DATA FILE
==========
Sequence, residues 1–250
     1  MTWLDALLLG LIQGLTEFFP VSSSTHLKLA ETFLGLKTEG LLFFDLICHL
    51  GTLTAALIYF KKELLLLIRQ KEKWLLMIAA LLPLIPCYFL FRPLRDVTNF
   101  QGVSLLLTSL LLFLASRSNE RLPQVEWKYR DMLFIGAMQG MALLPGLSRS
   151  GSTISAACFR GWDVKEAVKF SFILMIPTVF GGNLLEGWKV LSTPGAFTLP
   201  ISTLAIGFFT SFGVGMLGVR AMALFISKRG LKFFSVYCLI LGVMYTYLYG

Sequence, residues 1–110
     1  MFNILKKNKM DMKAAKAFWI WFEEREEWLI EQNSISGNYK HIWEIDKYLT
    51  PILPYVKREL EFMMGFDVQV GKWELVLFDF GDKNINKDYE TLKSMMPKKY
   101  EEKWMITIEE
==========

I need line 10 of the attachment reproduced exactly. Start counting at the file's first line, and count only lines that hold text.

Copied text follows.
   101  EEKWMITIEE